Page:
Whether on-farm or in the laboratory, effective innovators usually “know farming”. However, we have largely lost the intimacy between farming and science that we had in the past. Initial ideas and discoveries are often rough, and need honing, which needs time and investment.

However, farms now have far fewer staff and make less profit than 60 years ago. It is the case that ideas often come to nothing and failures probably exceed the successes. So if we are to achieve rapid progress, we will need to explore and experiment with lots of ideas. While innovators are often passionate people, willing to go many extra miles to prove their idea, they and their businesses must be able to cope with unexpected shouts of “eureka!”, and then with failure; not easy on modern farms. Innovating can be a haphazard business.

It is also often difficult to capture the commercial benefits of farming innovations.

They often concern a system rather than a “widget”, where the benefits may be big but are often spread across many businesses.


So what might future UK cropping look like and what sort of launch-pad will best get us ahead of competitors abroad?

Thinking 20 or 30 years ahead, it is easy to envisage bigger farms and fewer farmers. There will be more automation, such as sensors in livestock and soils that feed data to farm nerve-centres, driverless tractors and even sky-spy services online. There will be more products on each farm, making larger farms more resilient. The climate will get warmer, with crops similar to those now grown in France, such as sunflowers, grain maize and lucerne. There will be more irrigation, more pulses and oilseeds, reflecting global shortages, and more cropping in the West and North.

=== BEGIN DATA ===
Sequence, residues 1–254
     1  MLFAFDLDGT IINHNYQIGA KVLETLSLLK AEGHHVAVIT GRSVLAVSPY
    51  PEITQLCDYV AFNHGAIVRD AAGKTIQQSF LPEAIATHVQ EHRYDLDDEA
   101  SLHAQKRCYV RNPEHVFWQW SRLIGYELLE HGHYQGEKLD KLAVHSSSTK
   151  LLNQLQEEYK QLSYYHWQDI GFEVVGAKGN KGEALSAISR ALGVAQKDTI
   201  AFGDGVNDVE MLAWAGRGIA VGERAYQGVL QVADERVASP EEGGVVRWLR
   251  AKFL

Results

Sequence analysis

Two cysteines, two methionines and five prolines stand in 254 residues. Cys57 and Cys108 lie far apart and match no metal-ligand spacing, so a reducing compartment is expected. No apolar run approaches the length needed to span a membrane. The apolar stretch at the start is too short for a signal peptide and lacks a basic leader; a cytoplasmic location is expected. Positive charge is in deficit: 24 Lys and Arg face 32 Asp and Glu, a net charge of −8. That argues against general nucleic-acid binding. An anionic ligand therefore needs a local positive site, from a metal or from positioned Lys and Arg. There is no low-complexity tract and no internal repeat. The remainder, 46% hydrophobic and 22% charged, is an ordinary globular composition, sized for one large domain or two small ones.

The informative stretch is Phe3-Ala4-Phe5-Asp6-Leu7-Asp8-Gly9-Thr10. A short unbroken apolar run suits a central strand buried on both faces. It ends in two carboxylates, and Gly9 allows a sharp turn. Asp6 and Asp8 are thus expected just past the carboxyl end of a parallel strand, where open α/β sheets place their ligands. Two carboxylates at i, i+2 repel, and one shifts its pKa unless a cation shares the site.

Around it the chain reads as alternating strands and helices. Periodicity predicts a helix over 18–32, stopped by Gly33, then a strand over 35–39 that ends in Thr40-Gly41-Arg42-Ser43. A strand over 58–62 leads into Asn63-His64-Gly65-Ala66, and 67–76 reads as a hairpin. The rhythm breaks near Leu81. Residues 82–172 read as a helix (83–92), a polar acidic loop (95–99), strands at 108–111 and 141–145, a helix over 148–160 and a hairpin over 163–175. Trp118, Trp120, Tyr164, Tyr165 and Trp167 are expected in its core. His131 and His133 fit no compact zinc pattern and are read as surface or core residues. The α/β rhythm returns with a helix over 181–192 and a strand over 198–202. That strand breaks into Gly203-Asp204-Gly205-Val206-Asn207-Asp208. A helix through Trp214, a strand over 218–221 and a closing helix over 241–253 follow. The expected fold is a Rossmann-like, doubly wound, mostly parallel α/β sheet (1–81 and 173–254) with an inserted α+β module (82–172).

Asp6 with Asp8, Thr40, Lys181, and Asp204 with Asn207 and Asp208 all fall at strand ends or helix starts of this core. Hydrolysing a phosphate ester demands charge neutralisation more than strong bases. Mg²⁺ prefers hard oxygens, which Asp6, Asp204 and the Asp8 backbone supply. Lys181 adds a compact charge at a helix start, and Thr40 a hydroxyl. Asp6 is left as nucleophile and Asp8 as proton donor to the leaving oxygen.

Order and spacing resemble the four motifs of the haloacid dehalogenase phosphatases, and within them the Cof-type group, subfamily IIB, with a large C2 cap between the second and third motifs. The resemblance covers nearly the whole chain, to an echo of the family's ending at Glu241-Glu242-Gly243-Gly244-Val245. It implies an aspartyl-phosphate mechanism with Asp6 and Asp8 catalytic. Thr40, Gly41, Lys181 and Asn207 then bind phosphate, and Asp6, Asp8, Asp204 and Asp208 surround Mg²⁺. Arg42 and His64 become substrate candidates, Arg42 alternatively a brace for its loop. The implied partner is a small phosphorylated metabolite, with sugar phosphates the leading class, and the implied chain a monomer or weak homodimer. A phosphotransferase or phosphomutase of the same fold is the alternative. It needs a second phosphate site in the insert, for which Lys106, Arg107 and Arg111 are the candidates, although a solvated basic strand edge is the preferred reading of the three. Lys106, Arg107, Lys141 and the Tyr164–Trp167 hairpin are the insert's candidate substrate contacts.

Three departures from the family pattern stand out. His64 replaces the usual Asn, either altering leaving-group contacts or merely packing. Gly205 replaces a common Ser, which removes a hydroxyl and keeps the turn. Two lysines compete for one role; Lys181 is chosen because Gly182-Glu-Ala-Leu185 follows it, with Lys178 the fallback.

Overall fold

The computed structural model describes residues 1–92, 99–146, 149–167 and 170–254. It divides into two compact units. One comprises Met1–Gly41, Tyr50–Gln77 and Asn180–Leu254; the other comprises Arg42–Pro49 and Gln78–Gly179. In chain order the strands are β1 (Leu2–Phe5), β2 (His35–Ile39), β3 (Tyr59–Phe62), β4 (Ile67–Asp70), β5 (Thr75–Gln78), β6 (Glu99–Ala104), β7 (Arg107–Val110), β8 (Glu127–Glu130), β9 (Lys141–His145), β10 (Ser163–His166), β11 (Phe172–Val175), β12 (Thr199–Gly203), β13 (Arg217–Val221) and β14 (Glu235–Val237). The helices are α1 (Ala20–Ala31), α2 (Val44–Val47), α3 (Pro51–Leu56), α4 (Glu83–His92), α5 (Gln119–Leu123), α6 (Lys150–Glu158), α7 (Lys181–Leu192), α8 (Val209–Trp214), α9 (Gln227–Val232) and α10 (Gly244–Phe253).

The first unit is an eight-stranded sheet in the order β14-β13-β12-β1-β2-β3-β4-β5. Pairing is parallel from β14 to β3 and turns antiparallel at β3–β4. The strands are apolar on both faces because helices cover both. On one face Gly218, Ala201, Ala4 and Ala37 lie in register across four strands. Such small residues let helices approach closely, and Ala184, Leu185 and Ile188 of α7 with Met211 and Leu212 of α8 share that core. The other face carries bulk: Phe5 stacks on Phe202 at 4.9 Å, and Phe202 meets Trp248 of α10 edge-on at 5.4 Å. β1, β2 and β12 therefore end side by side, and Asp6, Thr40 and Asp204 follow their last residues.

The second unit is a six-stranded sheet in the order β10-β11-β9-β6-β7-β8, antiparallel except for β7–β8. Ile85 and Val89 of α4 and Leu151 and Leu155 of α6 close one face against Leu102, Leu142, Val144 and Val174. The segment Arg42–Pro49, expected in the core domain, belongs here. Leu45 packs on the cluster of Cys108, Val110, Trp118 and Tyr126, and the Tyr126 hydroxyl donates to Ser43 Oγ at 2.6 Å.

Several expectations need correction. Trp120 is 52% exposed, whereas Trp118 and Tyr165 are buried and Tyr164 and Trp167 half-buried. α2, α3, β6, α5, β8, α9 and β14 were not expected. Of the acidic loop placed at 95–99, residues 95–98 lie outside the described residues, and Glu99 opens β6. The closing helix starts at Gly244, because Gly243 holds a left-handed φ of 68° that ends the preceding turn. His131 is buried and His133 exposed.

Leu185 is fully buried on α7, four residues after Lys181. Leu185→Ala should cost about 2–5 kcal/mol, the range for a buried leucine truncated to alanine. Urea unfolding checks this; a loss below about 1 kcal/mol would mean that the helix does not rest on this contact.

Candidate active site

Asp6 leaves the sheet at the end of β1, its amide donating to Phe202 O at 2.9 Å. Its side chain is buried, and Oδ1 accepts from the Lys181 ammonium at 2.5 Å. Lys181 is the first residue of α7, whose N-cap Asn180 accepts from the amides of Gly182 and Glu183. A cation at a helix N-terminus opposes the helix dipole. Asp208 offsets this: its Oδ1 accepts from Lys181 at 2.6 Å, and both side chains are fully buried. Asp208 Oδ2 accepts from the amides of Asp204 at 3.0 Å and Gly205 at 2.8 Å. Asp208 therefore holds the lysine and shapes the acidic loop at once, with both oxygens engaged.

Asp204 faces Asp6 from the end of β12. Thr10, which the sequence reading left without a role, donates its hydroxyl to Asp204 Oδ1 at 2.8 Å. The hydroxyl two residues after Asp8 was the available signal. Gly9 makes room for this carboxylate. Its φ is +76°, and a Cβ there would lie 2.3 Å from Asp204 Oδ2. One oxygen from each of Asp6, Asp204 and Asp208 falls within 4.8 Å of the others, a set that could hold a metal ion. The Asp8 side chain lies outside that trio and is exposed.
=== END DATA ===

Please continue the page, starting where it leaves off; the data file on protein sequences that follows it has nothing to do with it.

Although far from certain, we might also expect to see higher food prices and incomes, and more investment in productivity-driven innovation. There should be more farmer co-operation with stronger marketing groups and more near-farm processing to add value to marginal products such as grass, straw and manures.

It is likely there will also be genetics programmes (sometimes using GM) and chemistry that provides longer-lasting pathogen control.

Given free rein, one can imagine farmers adopting faster-growing species – more rye and triticale, fodder beet and eucalyptus, for example. We may see wider use of chemical and biological stimulants for crop growth and soil processes and more perennials such as fruits, nuts and vines, with associated on-farm processing or feeding.

It’s also not too fanciful to imagine the 19th century canal network being developed into a super-grid of canals to get plenty of water to the East and South.

Anyone can dream, but for UK agriculture to make an impact, we must start by developing the right launch-pad for progress. Perhaps some sort of “flying innovation support service”, energising, encouraging and supporting the innovators wherever they are.

The Adas Yield Enhancement Network (YEN) initiative is just one initial attempt at this. Hopefully there can be others, because the urgency and extent of the 21st century food challenge is daunting. Let’s try to be seen as wiser than the planners of the first rural reconstruction by nurturing and supporting the farming innovators.

Estimated Wheat Yield Potential

  • Roger Sylvester-Bradley is head of crop performance at Adas, where he has worked for more than 35 years. He is also honorary professor of temperate crop physiology at the University of Nottingham